DOH team sent to Cebu City to study surge in virus cases
CEBU CITY—There seems no end to the phone ringing at Cebu City Ambulance Services (CCAS), and this has been going on for over a month.
CCAS receives 20 to 25 phone calls daily from people whose family members or friends need medical attention due to symptoms associated with the new coronavirus disease (COVID-19).
“The number of callers has increased from just 10 to over 20 per day. There were even times when we run out of ambulances,” said the call handler at CCAS, who asked not to be named.
He said it was disheartening to see that some patients had to wait inside the emergency vehicles for hours and even up to a whole day, while others had to be sent home since hospitals were filled beyond capacity.
“This is the situation of the city right now and I have not experienced such since I started my job here five years ago,” he said.
The Department of Health (DOH) has sent in a team of epidemiologists to Cebu City to look into the cause of the local upsurge in COVID-19 cases.
On Thursday, 10 more persons died of the severe respiratory disease in the city—the highest reported single-day count for fatalities since the city went into quarantine on March 28.
Early this week, President Duterte placed Cebu City back on enhanced community quarantine and nearby Talisay City on modified enhanced community quarantine.
According to the city’s health department, three persons died in Barangay Ermita, three in Tejero, two in Quiot, and one each in San Nicolas Proper and T. Padilla.
As of Thursday, Cebu City has recorded a total of 4,137 cases, of which 2,078 remain active. The death toll stood at 58, while the number of recoveries reached 2,001.
There are 2,613 regular beds from five major hospitals in the cities of Cebu and Mandaue, according to the DOH’s Region 7 (Central Visayas) office.
DOH-Region 7 Director Jaime Bernadas said the number of beds had increased from 394 at the end of May to 504 this week. More beds for intensive care were also provided, from 59 at the end of May to 73 this week.
Still, the Cebu Medical Society, a group of more than 3,000 physicians and specialists, said local “hospitals are overwhelmed and undermanned, essential medical equipment are scarce, doctors and nurses are getting sick and burnt out.”
“During these unprecedented times of sickness, trials, economic standstill, mental and emotional stress, we humbly call for unity and cooperation among all stakeholders in public health,” the group said in a statement.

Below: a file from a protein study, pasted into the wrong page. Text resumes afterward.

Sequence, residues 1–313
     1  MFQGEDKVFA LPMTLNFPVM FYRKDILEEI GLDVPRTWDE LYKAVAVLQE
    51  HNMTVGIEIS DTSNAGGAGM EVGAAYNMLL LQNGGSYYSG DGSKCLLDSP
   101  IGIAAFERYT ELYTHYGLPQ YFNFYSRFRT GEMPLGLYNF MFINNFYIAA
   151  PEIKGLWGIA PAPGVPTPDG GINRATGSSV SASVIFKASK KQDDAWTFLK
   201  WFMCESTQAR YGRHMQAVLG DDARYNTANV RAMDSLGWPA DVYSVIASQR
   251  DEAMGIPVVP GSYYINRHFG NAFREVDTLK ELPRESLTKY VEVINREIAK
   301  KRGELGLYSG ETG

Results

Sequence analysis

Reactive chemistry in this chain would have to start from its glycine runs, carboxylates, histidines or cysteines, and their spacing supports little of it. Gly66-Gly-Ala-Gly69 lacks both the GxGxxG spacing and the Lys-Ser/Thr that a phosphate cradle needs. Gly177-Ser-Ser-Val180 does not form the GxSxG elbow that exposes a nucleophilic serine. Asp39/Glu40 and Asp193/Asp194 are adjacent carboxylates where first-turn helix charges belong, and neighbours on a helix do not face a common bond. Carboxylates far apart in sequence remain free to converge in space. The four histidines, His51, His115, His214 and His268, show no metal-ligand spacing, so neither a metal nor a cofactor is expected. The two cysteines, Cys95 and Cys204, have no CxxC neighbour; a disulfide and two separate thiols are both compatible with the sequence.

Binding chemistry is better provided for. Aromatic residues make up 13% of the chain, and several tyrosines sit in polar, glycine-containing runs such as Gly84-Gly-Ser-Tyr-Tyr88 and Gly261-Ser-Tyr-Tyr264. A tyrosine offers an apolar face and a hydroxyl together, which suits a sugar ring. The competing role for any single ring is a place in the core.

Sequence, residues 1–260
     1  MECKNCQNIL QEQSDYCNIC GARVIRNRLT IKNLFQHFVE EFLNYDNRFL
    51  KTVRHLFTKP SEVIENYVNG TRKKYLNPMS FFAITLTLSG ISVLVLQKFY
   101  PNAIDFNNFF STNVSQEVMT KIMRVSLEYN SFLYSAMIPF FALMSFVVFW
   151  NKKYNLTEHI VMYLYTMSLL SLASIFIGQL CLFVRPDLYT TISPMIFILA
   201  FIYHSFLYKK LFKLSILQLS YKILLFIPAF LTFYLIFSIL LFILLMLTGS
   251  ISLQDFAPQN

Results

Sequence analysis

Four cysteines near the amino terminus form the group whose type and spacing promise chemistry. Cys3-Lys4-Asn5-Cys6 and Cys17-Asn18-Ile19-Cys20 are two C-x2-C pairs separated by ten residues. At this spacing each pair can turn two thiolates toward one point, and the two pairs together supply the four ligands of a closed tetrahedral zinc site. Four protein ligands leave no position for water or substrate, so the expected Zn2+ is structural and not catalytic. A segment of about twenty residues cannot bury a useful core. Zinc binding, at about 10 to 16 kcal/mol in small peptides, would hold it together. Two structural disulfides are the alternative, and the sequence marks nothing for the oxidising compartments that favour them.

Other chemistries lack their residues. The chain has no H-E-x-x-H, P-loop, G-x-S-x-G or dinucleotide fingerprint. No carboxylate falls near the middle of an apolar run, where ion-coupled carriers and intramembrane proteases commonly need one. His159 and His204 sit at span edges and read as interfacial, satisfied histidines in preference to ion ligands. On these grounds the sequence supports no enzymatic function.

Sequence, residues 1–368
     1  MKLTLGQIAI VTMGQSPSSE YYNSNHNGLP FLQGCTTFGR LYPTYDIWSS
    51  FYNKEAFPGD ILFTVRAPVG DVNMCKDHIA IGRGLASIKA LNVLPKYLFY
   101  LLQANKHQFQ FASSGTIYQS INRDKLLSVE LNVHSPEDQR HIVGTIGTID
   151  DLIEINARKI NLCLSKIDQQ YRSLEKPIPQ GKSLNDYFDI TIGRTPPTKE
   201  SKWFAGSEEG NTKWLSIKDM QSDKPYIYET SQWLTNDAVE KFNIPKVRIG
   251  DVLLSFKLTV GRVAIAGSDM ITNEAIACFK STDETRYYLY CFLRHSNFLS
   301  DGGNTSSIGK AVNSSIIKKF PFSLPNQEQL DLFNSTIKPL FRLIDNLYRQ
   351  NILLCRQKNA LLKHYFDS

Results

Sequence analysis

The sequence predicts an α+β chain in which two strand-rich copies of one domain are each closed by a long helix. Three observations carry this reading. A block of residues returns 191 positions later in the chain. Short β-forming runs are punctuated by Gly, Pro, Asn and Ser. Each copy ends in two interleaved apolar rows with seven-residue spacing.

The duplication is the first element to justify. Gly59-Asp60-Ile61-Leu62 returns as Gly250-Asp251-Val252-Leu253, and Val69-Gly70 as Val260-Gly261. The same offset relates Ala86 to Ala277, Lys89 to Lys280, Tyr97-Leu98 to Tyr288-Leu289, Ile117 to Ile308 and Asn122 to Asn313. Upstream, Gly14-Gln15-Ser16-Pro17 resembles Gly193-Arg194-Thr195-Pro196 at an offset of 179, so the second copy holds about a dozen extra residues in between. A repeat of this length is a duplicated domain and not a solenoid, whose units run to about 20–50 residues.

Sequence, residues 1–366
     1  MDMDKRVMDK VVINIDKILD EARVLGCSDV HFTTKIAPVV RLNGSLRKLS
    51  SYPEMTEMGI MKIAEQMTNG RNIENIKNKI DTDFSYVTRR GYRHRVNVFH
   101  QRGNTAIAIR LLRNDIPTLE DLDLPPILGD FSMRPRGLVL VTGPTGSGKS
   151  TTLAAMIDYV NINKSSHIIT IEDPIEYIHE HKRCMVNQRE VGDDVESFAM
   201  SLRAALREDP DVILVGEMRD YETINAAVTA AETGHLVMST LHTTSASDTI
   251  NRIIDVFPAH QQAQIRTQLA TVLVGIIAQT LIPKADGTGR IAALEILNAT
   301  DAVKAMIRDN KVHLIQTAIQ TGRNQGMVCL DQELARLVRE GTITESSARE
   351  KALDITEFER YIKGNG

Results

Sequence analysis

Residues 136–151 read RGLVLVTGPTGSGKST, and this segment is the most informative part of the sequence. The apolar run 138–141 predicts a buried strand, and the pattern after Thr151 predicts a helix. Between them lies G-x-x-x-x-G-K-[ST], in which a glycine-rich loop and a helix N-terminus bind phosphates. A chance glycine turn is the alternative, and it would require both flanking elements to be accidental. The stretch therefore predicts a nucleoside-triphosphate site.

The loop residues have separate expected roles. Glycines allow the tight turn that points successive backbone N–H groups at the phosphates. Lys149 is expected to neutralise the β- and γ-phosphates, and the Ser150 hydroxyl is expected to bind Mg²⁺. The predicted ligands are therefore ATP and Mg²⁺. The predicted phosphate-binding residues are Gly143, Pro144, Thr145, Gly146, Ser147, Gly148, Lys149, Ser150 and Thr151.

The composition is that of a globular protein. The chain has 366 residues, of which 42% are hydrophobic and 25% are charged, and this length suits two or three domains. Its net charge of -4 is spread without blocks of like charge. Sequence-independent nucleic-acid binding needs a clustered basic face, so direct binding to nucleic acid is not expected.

According to Health Undersecretary Maria Rosario Vergeire, the team sent to Cebu City would look into possible factors behind the new infections—including the return of migrant workers, the clustering of cases in jails, and the local government’s expanded testing protocol.
“We want to be sure so that we will have adequate information and would be able to properly address the situation. Let us wait for their analysis and we will give the information to everyone,” Vergeire said in an online briefing on Friday.
The DOH recorded 661 new cases, pushing the national total to 28,459.
Of the new cases, 460 tested positive in the last three days. The National Capital Region (NCR) had the most number of such cases at 277, followed by Central Visayas which had 21.
There were 201 late cases, or those who tested positive from at least four days ago. Central Visayas topped this list with 103, followed by NCR with 40.
The total number of recovered patients rose to 7,378, with the addition of 288.
But 14 more patients succumbed to the disease, bringing the national death toll to 1,130. Twelve of those deaths were recorded between June 4 to June 14.
Recently, the positivity rate—an indicator on the spread of the coronavirus—is 18.2 percent in Central Visayas and 7.1 percent in Metro Manila.
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